The Centrality of Project Management
When we have a thorough understanding of our business processes, we know how to get them into a statistically predictable state and we have identified a constraint, then we open the gateway to a very powerful approach to organizational design based on projects. Projects are in fact the very essence of the nature of organizations. We can look at all the work an organization does as project-based. The organization therefore becomes a network of projects where everyone is either a resource or a project manager, or both over different projects. Therefore, a fundamental part of the education and training of leaders and managers must be in effective Project Management.
Despite the existence of various certified bodies of Project Managers, the current reality is that the majority of projects executed fail to deliver on time and within budget. Dr. Eliyahu Goldratt who developed the theory of Constraints provided us with a revolutionary systemic algorithm as well as comprehensively and well tested procedures for managing projects called Critical Chain.
Let’s be clear. The CEO and the C-suite are essentially master project managers. The Network of Projects is not a “bandaid” for hierarchy but a replacement where control is exercised though synchronization. The buffer, which harnesses the power of covariance, is the method we use to control activities according to plan. These are the foundational elements of knowledge that can be fully understood and put into practice if managers and leaders tap into a higher level of consciousness.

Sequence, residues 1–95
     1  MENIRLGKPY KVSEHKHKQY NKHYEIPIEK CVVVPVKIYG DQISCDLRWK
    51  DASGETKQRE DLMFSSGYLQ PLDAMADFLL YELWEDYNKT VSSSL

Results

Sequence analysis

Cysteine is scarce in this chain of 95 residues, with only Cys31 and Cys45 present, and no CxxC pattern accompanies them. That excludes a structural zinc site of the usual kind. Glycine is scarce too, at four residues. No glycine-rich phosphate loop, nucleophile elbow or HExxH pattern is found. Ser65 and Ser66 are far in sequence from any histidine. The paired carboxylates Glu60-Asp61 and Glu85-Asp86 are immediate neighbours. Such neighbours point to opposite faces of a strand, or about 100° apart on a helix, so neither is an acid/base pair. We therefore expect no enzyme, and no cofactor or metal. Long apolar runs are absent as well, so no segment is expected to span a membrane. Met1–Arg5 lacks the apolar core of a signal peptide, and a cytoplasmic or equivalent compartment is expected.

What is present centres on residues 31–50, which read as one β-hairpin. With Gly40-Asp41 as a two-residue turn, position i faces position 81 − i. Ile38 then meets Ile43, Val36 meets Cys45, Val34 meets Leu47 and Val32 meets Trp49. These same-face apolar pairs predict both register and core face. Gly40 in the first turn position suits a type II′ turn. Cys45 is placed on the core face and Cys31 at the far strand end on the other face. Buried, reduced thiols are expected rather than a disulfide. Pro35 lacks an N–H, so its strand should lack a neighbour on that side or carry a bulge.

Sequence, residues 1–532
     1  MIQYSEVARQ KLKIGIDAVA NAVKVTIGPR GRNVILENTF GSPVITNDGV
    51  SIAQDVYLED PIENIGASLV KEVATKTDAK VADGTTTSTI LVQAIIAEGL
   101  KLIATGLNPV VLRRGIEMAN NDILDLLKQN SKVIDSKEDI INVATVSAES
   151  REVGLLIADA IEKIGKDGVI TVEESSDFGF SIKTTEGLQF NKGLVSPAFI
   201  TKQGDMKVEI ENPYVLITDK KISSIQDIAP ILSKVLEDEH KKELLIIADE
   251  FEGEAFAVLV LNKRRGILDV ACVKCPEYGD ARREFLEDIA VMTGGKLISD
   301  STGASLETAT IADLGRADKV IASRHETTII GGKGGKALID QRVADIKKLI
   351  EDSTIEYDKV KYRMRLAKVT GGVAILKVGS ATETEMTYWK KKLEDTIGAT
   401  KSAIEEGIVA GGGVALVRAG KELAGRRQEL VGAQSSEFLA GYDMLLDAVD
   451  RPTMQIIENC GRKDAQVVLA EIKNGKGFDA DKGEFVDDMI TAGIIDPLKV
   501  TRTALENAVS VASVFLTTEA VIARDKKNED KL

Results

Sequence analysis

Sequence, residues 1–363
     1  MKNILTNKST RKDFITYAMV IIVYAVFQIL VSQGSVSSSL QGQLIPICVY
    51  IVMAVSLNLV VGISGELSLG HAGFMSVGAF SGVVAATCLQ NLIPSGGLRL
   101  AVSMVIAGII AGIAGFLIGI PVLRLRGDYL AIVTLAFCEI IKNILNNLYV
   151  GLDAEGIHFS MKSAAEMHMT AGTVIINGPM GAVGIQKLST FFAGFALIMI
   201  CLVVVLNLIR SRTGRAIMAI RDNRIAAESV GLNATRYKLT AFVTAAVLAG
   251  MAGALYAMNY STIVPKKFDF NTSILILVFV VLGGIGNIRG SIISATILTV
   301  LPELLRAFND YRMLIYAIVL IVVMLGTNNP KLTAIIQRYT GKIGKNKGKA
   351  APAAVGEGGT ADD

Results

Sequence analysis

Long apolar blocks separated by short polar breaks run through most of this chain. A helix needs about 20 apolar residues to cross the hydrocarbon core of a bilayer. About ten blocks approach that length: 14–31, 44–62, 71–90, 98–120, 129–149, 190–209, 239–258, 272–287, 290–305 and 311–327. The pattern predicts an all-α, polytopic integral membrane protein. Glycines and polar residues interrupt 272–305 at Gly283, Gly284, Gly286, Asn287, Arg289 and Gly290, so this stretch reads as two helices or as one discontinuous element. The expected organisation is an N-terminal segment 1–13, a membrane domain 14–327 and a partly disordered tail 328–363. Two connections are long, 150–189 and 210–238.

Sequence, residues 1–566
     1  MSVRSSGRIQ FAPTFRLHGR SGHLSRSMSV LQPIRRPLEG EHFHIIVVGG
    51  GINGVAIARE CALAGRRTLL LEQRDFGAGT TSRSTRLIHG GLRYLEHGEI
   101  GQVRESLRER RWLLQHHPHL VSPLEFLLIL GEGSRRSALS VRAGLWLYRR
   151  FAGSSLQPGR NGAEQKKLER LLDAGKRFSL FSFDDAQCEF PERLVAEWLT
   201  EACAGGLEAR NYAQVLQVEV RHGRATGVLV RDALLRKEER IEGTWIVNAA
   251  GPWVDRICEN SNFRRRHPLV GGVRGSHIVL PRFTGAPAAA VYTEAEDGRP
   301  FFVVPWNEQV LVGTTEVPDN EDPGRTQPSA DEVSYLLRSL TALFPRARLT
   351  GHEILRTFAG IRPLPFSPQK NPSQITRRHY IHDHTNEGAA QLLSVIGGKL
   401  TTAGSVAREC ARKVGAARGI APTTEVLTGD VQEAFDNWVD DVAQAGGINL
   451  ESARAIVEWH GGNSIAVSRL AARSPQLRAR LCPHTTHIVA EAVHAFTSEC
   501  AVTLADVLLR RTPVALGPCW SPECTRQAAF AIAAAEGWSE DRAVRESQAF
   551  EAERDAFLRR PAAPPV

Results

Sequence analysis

New Thinking, New Cognition
An organizational design based on a network of projects controlled by buffers and monitored statistically to prevent the system from “exploding” does indeed require a cognitive shift. People within the organization need to tap into a higher realm of understanding of their role and view themselves as part of an organic, systemic, synchronized oneness. In order to facilitate this tapping into a higher level of consciousness, everyone has to fortify their ability to think systemically and systematically tackle unchallenged and often obsolete mental models. To do so, they need to develop intelligent emotions. Indeed, the new skills required for the fourth industrial revolution are very much to do with the cognitive flexibility needed for continuous innovation.
We will look at the part of the new curriculum for business and management connected with how this higher consciousness, cognitive flexibility and intelligent emotions can be nurtured and developed in our next post.
About the Author
Angela Montgomery Ph.D. is Partner and Co-founder of Intelligent Management, founded by Dr. Domenico Lepore. Angela’s new business novel+ website The Human Constraint looks at how Deming and the Theory of Constraints can create the organization of the future, based on collaboration, network and social innovation.